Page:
Announced just 2 weeks before release, Grow Home came as a delightful surprise to many PC gamers when it hit Steam on Feb. 4th. It was developed by Ubisoft’s Reflections studio, a small team that was purchased from Atari in 2006. Reflections is responsible for helping with the development of Watch Dogs and Far Cry 3, but Grow Home could hardly be more different than those titles.
When starting a new game, players will find themselves assuming the role of an endearing robot named B.U.D.(Botanical Utility Droid). BUD is a pretty likable character. He’s always smiling and his procedurally generated movements are often worth a chuckle, if sometimes a little glitchy. As he goes about his work he often emanates cheerful robotic chirps and static.
As the game begins, BUD finds himself being lovingly jettisoned from his mother-ship high above an unknown planet. As he falls, he is given the mission of cultivating the growth of a giant “star plant.” This is where some immature-giggles might enter the picture. The star plant bears an uncanny resemblance to a giant, ever-growing d*ck. At first, I thought this was a manifestation of my own personal immaturity and toilet humor, but everyone who witnessed me playing this game could not help but jokingly mention this observation.
Apparently, to grow a star plant, water and sunlight just won’t do. No, in order to meet his objectives BUD must climb all over this sexy botanical wonder. Players use the “L” and “R” triggers to grasp and climb, and will need to crawl over the surface of the star plant until they find a blossoming stalk. This climbing feature is pretty satisfying, if a little bit hard on the old trigger fingers. Long periods of play often made me a bit sore.
Once BUD finds a bud he must straddle its stalk and activate it with the “X” button which will cause the protrusion to grow and extend. The growth of a stalk is guided with the analog sticks. To achieve his mission of growing the star plant, BUD must satisfyingly plunge these stalks into glowing floating islands. The star plant will then suck nutrients and energy from the tethered island, causing it to grow and extend.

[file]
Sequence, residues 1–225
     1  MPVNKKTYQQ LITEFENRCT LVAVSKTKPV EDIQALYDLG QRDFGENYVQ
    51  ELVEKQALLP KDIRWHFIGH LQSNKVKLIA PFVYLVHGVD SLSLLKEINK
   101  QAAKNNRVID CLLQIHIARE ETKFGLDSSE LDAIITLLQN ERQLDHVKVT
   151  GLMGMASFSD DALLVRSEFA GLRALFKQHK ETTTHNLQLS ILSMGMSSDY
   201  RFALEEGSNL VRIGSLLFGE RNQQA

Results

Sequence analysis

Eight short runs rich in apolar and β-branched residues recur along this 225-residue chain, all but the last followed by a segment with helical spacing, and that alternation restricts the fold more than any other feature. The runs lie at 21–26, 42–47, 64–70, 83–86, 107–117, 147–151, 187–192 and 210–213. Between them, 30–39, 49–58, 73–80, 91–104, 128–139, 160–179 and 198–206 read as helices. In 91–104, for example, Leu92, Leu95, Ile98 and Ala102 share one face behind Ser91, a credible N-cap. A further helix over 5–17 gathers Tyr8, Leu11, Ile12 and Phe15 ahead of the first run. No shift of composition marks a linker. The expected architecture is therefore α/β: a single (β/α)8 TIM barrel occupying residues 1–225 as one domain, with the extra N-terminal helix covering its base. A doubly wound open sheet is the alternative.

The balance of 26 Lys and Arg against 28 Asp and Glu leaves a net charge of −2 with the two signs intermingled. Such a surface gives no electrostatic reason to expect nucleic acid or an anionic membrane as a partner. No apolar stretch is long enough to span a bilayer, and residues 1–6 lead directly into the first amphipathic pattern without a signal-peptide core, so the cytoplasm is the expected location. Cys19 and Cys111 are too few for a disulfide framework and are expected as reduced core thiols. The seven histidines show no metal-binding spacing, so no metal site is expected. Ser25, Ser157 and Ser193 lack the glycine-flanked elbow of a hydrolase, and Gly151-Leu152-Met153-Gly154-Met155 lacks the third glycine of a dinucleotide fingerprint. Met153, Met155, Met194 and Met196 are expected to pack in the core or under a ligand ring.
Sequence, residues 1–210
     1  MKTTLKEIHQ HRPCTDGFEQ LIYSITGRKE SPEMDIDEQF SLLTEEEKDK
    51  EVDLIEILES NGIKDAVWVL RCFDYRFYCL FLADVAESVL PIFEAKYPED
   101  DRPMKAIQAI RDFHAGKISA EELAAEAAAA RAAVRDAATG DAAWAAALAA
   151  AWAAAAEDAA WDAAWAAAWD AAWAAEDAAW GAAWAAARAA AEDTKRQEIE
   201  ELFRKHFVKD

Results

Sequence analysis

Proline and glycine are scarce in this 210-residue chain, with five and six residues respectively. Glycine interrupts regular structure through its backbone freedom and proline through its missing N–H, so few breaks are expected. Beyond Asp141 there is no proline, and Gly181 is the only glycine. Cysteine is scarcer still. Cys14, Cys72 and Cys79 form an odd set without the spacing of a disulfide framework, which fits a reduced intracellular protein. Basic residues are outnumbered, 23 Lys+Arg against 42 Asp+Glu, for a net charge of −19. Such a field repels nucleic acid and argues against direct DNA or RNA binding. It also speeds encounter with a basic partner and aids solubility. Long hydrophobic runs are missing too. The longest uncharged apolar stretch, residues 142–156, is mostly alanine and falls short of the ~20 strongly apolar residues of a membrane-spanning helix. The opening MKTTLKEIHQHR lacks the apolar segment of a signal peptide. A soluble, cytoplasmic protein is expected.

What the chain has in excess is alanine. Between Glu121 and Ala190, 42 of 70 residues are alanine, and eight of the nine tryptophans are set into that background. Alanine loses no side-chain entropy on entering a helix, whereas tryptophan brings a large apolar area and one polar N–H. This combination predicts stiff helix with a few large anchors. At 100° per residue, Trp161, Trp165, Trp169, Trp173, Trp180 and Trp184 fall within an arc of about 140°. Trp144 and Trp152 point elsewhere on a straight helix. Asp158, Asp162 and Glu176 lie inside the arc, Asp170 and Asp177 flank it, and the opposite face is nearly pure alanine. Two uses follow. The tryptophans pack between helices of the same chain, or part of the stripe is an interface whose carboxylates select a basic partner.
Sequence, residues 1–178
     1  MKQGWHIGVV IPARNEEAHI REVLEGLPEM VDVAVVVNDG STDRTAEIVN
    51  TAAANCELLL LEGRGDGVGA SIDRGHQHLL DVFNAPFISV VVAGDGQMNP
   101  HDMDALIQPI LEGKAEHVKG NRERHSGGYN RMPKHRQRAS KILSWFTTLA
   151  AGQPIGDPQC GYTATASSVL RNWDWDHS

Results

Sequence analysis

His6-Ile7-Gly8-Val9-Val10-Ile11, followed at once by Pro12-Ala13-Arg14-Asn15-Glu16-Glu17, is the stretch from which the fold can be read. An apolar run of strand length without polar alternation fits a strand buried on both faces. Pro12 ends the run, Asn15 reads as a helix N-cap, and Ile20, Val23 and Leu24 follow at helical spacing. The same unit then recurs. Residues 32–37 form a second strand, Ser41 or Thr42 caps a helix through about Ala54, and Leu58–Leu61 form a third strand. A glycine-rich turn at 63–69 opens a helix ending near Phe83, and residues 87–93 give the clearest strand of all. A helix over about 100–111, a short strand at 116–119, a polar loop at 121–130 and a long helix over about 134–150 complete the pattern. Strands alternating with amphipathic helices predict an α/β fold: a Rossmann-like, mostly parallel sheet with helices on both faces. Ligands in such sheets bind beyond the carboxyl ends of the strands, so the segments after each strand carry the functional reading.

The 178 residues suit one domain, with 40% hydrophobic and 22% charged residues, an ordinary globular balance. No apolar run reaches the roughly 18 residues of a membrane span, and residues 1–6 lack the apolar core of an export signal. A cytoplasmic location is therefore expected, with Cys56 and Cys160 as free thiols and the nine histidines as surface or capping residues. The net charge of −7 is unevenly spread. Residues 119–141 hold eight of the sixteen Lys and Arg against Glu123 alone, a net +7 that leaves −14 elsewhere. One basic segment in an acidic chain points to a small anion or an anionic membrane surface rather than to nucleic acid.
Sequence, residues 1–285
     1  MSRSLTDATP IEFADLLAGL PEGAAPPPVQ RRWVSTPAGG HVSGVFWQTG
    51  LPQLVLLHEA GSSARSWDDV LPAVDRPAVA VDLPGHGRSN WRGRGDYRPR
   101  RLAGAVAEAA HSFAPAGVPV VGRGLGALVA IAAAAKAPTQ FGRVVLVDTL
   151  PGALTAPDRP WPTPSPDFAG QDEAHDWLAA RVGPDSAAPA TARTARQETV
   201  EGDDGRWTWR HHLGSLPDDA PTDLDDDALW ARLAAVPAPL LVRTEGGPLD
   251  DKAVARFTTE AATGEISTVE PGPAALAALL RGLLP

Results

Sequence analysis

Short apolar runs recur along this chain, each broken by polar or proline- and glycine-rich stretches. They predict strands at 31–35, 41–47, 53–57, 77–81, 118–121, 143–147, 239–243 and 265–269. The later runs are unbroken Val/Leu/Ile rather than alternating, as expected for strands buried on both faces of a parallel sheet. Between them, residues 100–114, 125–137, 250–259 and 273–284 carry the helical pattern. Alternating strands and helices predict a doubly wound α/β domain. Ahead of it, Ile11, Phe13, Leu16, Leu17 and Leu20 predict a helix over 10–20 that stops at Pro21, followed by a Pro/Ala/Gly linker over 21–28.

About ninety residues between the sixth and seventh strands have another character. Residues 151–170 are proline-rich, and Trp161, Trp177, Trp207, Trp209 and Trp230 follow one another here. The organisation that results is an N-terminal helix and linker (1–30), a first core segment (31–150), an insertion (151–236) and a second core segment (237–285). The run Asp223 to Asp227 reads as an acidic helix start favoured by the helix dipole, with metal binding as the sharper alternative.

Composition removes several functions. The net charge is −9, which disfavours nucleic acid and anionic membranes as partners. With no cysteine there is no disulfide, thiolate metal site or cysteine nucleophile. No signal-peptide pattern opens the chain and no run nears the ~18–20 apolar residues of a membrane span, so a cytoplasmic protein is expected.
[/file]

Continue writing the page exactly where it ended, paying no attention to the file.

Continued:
Riding these vines seems to be the most efficient means of transportation in Grow Home, and accomplished players will soon find their world decorated in a beautiful and abstract tangle of tentacle-porn.
While a player may go straight to the task of growing their star plant, there are benefits to exploring the world. BUD may also collect crystals which are littered about the scenery. Doing so will grant him additional abilities, such as rocket-powered jumping and better camera and zoom features. These crystals are peppered about the world, on lonely floating islands, cliff sides, and in secret caves.
The game-world seems extensive at first, especially in the area of height, but I beat Grow Home in about four hours. After the credits rolled, I was happy to be given more objectives, but they were a bit tedious. I decided to start a new game with hopes of being greeted by a brand new world to explore, but was very disappointed to find that I was placed in the exact same world as my first game. It seems like such a waste to not have some procedurally generated level design at play here. Indeed, when I started the game, I was certain such a feature existed, but I was sadly mistaken. After a second play-through, I had explored nearly everything, and the fun factor quickly began to diminish.